The Castle of Otranto

Forget Ann Radcliffe–The Castle of Otranto has prior claims as the earliest gothic novel. It was published anonymously in 1764 by Horace Walpole, who claimed it to be an actual Italian story from the Middle Ages. Later, in a preface, he explained the work as an attempt to combine the “ancient and modern;” that is, the supernatural events of earlier romances and the contemporary emphasis on nature. He wanted his characters to react naturally to mysterious happenings.

The house of Otranto consists of the prince Manfred, his wife Hippolita, and their children Conrad and Matilda. Conrad has been betrothed to Isabella by his father, but on the day of the wedding he is mysteriously killed in the courtyard. Thus a chain of fated events is set off, including sinful pursuits, noble peasants, uneasy ancestors, and secret identities.

I have read Jerusalem Delivered, a real Crusades romance by Tasso, and the attitudes and actions of the characters definitely ring true. Chivalry, virtue, and obedience to the will of God are prized above all, while the punishment for evil must last generations. The writing style did take a little getting used to, long paragraphs including dialogue without quotation marks. I know it was a hard life back then for the common people, but I don’t think I would have minded a castle with knights and princesses running around.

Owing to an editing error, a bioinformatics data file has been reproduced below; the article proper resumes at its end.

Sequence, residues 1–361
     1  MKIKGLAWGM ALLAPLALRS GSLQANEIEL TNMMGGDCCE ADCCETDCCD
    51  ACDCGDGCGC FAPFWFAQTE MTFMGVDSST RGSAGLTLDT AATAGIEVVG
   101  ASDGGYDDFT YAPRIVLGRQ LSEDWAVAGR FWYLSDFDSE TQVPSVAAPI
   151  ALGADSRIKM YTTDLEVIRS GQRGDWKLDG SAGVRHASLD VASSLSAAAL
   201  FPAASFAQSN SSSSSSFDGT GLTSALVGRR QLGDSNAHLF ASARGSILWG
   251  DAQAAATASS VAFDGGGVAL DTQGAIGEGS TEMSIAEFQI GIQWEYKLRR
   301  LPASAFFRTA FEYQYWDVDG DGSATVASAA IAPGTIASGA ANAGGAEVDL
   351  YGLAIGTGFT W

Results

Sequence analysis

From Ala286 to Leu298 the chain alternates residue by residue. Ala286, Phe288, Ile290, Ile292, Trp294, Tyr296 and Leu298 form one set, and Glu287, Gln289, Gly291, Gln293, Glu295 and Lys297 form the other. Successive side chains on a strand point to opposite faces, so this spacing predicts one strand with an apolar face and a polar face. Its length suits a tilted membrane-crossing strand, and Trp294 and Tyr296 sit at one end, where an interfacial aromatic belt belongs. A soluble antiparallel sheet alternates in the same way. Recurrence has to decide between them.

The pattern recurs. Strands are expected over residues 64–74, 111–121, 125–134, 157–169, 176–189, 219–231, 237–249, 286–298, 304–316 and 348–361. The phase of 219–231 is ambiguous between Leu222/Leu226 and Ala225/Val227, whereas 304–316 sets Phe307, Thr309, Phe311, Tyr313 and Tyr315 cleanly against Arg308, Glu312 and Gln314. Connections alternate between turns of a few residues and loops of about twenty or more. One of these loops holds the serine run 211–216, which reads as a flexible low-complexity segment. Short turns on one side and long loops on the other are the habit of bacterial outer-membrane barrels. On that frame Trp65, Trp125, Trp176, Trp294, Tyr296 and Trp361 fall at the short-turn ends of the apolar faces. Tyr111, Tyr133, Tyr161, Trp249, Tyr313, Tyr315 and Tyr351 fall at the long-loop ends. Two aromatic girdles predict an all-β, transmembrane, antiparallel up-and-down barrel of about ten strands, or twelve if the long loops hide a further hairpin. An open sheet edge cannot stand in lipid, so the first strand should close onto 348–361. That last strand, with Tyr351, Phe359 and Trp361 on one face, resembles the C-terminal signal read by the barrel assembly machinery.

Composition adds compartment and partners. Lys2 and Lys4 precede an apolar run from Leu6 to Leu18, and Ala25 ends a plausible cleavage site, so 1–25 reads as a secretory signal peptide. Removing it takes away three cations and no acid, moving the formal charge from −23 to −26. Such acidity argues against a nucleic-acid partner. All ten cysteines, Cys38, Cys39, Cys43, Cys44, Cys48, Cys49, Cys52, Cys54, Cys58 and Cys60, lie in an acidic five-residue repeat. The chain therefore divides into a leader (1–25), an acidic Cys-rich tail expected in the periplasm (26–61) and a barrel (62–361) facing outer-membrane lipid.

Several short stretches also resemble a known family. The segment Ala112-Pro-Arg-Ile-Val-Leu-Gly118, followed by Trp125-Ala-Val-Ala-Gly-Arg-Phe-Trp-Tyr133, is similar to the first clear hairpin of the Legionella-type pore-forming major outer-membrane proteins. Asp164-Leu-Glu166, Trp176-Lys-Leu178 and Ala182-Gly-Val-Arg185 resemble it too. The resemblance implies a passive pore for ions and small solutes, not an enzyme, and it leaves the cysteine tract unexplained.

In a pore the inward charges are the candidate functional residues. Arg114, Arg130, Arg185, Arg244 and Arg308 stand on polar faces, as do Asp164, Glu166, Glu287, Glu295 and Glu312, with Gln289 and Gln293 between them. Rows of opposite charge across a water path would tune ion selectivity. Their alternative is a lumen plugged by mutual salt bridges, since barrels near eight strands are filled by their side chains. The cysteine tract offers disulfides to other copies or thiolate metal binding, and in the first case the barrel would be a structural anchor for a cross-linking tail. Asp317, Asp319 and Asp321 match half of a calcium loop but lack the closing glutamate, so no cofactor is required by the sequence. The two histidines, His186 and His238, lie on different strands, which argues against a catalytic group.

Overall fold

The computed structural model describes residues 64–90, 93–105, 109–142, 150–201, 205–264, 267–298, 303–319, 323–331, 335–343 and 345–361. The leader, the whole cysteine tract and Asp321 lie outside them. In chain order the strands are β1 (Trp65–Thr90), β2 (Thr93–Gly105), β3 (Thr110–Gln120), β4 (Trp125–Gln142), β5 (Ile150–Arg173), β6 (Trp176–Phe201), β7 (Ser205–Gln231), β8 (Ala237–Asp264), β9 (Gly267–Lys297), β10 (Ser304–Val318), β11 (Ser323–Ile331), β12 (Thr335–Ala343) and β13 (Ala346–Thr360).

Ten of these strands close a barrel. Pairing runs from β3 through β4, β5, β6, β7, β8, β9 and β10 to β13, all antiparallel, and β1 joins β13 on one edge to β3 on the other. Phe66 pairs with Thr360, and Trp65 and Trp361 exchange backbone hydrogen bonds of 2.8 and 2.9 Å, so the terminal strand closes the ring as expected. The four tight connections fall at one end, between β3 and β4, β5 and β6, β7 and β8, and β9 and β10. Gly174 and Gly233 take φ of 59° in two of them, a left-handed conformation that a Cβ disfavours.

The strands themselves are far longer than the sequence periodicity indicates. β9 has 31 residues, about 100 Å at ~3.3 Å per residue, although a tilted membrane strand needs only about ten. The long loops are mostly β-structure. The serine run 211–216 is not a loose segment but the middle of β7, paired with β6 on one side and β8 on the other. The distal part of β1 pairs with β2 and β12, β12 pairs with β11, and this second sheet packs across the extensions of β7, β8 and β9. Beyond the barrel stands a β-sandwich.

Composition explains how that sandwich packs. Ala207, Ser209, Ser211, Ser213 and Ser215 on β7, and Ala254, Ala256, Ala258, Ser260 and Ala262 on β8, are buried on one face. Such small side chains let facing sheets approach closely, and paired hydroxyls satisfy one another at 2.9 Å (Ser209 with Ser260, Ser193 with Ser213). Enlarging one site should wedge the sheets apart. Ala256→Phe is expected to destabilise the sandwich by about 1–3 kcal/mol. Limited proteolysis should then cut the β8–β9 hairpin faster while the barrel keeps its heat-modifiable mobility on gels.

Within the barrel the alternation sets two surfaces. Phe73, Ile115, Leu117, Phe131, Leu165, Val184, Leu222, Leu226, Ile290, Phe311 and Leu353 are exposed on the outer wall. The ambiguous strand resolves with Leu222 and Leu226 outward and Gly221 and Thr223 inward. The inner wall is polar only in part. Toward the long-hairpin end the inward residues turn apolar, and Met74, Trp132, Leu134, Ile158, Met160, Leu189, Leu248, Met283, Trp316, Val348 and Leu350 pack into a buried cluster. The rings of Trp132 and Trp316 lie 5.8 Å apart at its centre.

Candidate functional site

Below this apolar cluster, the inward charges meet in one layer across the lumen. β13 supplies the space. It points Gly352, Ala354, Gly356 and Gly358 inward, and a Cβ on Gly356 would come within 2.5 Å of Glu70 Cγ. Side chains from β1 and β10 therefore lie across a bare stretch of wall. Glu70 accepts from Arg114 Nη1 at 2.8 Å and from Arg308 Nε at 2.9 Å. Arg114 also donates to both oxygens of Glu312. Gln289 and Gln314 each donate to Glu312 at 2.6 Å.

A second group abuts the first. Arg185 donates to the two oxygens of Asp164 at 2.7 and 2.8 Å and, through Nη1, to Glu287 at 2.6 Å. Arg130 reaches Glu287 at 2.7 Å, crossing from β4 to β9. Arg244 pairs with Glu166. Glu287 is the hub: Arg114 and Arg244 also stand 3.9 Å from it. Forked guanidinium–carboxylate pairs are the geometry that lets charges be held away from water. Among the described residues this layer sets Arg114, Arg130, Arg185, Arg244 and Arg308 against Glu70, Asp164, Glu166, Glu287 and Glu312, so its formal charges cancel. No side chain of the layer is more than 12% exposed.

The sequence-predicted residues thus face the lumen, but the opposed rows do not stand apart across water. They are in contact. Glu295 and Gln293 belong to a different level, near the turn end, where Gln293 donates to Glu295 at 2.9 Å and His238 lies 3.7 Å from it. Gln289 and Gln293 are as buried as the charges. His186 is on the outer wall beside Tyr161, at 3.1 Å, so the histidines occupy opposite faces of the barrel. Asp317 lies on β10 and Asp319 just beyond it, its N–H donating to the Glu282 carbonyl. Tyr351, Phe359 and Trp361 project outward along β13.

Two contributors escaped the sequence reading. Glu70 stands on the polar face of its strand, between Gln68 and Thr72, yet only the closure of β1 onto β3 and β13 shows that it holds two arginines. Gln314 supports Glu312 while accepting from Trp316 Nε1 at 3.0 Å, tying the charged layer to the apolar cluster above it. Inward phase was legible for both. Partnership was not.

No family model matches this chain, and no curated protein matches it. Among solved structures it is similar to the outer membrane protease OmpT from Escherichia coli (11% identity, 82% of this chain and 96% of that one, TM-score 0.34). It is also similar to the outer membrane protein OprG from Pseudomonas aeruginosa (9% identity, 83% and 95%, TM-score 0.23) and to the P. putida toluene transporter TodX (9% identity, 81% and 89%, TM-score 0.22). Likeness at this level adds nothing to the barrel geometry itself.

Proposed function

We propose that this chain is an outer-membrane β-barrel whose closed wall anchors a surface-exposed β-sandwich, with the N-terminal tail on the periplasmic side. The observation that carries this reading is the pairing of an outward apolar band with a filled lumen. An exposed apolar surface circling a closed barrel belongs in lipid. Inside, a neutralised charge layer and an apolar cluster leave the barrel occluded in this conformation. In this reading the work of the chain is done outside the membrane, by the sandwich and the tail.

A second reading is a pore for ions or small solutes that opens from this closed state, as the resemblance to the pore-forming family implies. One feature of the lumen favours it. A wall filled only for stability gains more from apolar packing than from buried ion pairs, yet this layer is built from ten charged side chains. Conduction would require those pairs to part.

Walpole wrote in a letter to a friend,

“I almost think there is no wisdom comparable to that of exchanging what is called the realities of life for dreams. Old castles, old pictures, old histories, and the babble of old people make one live back into centuries that cannot disappoint one.”

Even at the date of publication the world described here was a thing of the past, able to be romanticized as an escape. I think that’s a large part of why I read historical fiction, and especially books set in the earlier twentieth century, because life somehow seems simpler.

This book meets the “building” category for the What’s in a Name 2 Challenge. It is also on both the 1001 Books and Guardian lists, which I hadn’t realized.

Published in: on July 5, 2009 at 3:19 pm  Comments (2)  
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2 CommentsLeave a comment

  1. […] book with a “building” in its title: The Castle of Otranto, by Horace […]

  2. […] being written in the early 1900s, The Scoundrel is very medieval in feel, like The Castle of Otranto but without the supernatural (except for the girl frozen in ice). It’s divided into four […]

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